Until everyone does it and the pricing structure changes.
People tend to have a lot of misconceptions about the energy industry. End-suppliers, like your utility company, don't care about the absolute price at which they sell* - They hedge their entire supply, and charge a more-or-less fixed margin on top of that. They don't make more or less when the actual supply price goes up or down.
Now, on the supply side, you have multiple layers of demand loading. You have the dirt-cheap baseline load, then you have some spare capacity in the baseline systems (usually not that much, on the order of 20-25%), then you have easy-to-online spare capacity (often from some form of short-term storage), and finally you have peak load generation (normally-offline gas turbines, in general). Of course in reality you have far more tiers than that, but you get the idea.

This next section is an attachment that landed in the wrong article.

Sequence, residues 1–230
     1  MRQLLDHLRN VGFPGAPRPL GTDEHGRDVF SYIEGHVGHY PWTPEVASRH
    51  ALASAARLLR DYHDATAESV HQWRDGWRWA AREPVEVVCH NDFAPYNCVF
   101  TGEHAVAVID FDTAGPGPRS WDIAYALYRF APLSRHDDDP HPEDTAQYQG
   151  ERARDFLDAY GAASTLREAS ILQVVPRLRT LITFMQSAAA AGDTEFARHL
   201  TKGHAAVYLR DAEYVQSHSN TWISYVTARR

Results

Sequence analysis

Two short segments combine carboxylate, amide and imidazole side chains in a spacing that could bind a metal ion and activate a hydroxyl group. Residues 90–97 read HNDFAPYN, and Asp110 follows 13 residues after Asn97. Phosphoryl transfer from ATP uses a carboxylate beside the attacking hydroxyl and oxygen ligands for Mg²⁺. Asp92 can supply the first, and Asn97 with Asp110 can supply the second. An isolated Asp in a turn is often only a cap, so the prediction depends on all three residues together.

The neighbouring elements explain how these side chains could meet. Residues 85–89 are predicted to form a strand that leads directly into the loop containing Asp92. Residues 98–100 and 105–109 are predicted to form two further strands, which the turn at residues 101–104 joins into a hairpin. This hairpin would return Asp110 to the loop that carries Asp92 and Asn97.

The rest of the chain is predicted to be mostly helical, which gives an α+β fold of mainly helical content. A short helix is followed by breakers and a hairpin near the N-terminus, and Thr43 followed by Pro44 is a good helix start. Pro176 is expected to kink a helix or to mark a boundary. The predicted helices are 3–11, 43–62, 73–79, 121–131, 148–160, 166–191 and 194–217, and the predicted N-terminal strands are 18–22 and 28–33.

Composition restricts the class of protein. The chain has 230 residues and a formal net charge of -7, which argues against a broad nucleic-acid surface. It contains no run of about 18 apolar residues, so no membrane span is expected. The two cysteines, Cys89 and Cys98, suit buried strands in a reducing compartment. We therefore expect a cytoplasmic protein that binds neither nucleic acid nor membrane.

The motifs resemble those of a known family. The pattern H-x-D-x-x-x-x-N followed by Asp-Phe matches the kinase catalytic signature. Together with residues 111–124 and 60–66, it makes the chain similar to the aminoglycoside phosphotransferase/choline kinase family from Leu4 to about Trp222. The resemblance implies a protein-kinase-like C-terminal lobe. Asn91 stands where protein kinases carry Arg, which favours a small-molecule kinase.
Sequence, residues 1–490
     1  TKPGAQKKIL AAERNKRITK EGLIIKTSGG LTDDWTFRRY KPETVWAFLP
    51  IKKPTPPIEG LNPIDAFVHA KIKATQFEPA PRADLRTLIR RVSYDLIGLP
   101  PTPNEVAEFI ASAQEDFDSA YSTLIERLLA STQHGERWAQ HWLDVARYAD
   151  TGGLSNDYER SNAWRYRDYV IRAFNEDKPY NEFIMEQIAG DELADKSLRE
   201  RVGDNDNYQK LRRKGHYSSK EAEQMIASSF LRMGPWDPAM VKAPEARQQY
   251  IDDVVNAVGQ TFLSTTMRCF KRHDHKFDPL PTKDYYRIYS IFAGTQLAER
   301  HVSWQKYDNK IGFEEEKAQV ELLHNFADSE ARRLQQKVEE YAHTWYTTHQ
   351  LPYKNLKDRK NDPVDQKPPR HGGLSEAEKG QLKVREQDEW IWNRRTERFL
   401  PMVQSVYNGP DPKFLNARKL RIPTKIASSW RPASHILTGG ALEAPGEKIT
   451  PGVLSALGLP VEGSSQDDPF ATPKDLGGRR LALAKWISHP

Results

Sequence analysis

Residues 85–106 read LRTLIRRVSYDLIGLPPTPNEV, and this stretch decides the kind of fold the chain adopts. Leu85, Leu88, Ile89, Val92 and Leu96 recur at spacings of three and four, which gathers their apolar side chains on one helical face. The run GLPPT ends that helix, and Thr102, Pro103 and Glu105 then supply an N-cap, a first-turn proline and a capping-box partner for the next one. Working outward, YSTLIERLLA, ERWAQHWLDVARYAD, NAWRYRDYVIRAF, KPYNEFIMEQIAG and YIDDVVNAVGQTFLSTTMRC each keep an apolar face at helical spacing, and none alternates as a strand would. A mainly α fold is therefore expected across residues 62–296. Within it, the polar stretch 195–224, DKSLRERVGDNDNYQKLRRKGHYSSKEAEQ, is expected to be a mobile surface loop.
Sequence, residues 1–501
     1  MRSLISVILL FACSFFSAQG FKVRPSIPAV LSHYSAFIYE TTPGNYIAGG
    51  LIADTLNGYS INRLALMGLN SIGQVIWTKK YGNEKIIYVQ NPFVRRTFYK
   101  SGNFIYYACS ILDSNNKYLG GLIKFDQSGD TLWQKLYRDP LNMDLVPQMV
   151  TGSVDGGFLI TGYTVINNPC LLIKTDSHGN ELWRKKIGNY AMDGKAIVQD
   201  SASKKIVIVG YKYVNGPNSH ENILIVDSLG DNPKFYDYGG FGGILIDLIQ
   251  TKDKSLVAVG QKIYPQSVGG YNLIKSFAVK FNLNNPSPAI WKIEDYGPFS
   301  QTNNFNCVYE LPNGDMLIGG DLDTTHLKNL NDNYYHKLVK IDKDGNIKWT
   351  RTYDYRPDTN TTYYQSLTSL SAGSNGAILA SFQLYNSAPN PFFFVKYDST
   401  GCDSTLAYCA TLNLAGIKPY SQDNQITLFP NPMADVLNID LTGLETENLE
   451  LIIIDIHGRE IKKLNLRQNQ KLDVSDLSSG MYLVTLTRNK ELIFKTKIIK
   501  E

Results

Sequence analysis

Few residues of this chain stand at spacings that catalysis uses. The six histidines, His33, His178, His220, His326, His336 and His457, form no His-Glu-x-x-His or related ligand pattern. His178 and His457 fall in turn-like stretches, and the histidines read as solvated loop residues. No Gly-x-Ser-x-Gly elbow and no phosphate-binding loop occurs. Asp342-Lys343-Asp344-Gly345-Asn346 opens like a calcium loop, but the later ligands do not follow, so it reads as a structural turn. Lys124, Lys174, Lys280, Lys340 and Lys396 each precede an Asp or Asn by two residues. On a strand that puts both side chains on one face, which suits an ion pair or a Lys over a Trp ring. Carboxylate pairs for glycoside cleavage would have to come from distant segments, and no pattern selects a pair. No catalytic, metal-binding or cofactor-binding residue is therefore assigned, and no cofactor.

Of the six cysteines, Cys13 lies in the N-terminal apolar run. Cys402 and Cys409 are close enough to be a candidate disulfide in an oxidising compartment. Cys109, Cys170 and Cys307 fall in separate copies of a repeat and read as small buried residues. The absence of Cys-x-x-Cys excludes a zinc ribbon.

All of those cost money to maintain, whether they feed the baseline or the peak. The peak costs more because you essentially have generation capacity sitting idle all but 5% of the time, yet it needs to pay 100% of the bills to own and maintain it. So even there you don't have the suppliers making out like bandits.
Disclaimer - I can only speak for the US market. They may have something radically different in Japan, but overall, I would bet my eyeteeth they still use some form of hedging to maintain relatively fixed margins.
* While technically true, price does tend to affect how much effort end-users put into conservation. So believe it or not, your utility would rather offer you cheaper power, because they make the same margin per KWH whether you use all LED lighting or you heat your patio with a hair-dryer running 24/7.